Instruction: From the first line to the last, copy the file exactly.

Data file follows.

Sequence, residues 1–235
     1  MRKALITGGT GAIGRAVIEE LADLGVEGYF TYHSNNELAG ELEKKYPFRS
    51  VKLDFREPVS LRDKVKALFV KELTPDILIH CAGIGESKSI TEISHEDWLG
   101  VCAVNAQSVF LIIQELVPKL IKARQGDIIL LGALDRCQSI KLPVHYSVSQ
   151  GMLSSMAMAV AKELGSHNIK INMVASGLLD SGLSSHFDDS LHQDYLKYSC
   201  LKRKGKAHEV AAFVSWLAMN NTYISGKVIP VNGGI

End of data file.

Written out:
Sequence, residues 1–235
     1  MRKALITGGT GAIGRAVIEE LADLGVEGYF TYHSNNELAG ELEKKYPFRS
    51  VKLDFREPVS LRDKVKALFV KELTPDILIH CAGIGESKSI TEISHEDWLG
   101  VCAVNAQSVF LIIQELVPKL IKARQGDIIL LGALDRCQSI KLPVHYSVSQ
   151  GMLSSMAMAV AKELGSHNIK INMVASGLLD SGLSSHFDDS LHQDYLKYSC
   201  LKRKGKAHEV AAFVSWLAMN NTYISGKVIP VNGGI